CPS-IoT Week 2020 Keynotes

AI - Quest for Deep Learning

Dacheng Tao
University of Sydney

We are fortunate on the edge to embrace the revolutionary progress of Artificial Intelligence (AI) and to witness the enthusiasm of translational AI deployments sweeping across all sectors in our life. The almost simultaneous rise of transformational deep learning, big data, and powerful computational machines since 2010 is progressively enabling AI systems to perceive, learn, reason, and behave like a human, and makes the next generation of AI systems distinct from those developed in the past. Thus, it is critical to better understand the role of deep learning in AI. In this talk, we will present our investigations, initiatives, and insights to the interpretation of the successful deep learning, such as why is deep structure superior to shallow structure, how do skip connections affect model's performance, and what is the relationship between some of the free parameters.

Wednesday, April 22, 2020  

Speaker Biography

Dacheng Tao (F'15) is Professor of Computer Science and ARC Laureate Fellow in the School of Computer Science and the Faculty of Engineering, and the Inaugural Director of the UBTECH Sydney Artificial Intelligence Centre, at The University of Sydney. His research results in artificial intelligence have expounded in one monograph and 200+ publications at prestigious journals and prominent conferences, such as IEEE T-PAMI, IJCV, JMLR, AIJ, AAAI, IJCAI, NIPS, ICML, CVPR, ICCV, ECCV, ICDM, and KDD, with several best paper awards. He received the 2018 IEEE ICDM Research Contributions Award and the 2015 Australian Scopus-Eureka prize. He is a Fellow of the IEEE, AAAS, ACM and the Australian Academy of Science.

Safe Autonomy with Deep Learning in Feedback Loop

George J. Pappas
University of Pennsylvania

Deep learning has been extremely successful in computer vision and perception. Inspired by this success in perceiving environments, deep learning is now one of the main sensing modalities in autonomous robots, including driverless cars. The recent success of deep reinforcement learning in chess or AlphaGo suggests that robot planning control will soon be performed by deep learning in a model free manner, disrupting traditional model-based engineering design. However, recent crashes in driverless cars as well as adversarial attacks in deep networks have exposed the brittleness of deep learning perception which then leads to catastrophic decisions. There is a tremendous opportunity for the cyber physical systems community to embrace these challenges and develop principles, architectures, and tools to ensure safety of autonomous systems.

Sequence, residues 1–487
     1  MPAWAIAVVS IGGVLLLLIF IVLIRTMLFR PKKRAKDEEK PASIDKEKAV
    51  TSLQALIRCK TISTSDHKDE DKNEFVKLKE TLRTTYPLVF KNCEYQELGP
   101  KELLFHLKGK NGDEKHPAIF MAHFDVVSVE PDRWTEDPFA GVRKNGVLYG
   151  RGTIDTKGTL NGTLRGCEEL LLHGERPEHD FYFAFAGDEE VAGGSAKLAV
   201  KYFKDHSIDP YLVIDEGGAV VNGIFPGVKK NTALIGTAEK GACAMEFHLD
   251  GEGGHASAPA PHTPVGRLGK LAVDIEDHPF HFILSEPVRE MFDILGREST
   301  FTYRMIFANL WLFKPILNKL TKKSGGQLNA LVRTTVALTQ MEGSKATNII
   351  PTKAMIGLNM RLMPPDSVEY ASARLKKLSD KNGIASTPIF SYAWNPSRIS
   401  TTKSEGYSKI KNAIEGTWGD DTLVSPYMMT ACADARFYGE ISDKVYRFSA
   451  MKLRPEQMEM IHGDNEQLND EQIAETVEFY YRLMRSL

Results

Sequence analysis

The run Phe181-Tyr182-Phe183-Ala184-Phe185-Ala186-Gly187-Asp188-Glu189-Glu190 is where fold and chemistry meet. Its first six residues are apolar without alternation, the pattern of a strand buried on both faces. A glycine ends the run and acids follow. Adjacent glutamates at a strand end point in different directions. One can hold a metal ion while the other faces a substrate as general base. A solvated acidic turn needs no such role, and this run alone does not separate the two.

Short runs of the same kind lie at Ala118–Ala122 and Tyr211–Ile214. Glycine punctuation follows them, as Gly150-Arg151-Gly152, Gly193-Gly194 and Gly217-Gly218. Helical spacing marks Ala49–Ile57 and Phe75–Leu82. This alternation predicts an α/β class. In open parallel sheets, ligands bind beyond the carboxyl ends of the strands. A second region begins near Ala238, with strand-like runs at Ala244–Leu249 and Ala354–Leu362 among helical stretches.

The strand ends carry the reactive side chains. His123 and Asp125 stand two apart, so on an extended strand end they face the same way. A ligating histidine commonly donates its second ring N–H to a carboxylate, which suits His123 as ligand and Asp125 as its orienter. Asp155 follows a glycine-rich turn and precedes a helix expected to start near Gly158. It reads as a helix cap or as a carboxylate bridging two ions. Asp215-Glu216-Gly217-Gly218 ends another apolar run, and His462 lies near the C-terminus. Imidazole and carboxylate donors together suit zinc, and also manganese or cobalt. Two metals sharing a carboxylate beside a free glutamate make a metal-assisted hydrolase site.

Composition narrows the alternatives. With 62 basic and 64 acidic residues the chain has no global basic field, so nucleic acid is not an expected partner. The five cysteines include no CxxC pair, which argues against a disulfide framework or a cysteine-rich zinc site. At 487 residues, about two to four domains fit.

In this talk, I will present our approach in ensuring the robustness and safety of autonomous robots that use deep learning as a perceptual sensor in the feedback loop. Using ideas from robust control, we develop tools to analyze the robustness of deep networks that ensure that the perception of the environment is more accurate. Critical to our approach is creating semantic representations of unknown environments while also quantifying the uncertainty of semantic maps. Autonomous planning and control need to both embrace such semantic representations and formally reason about the environment uncertainty produced by deep learning the feedback loop, leading to autonomous robots that operate with prescribed safely in unknown but learned environments.

Thursday, April 24, 2020  

Speaker Biography

George J. Pappas is the UPS Foundation Professor and Chair of the Department of Electrical and Systems Engineering at the University of Pennsylvania. He also holds a secondary appointment in the Departments of Computer and Information Sciences, and Mechanical Engineering and Applied Mechanics. He is member of the GRASP Lab and the PRECISE Center. He has previously served as the Deputy Dean for Research in the School of Engineering and Applied Science. His research focuses on control systems, robotics, formal methods and machine learning for safe and secure cyber-physical systems applications. He has received various awards such as the Antonio Ruberti Young Researcher Prize, the George S. Axelby Award, the O. Hugo Schuck Best Paper Award, the ICCPS Best Paper Award, the NSF PECASE award, and the George H. Heilmeier Faculty Excellence Award. He is a Fellow of IEEE and IFAC and was the inaugural steering committee chair of CPSWEEK. More than thirty alumni of his group are now faculty in leading universities around the world.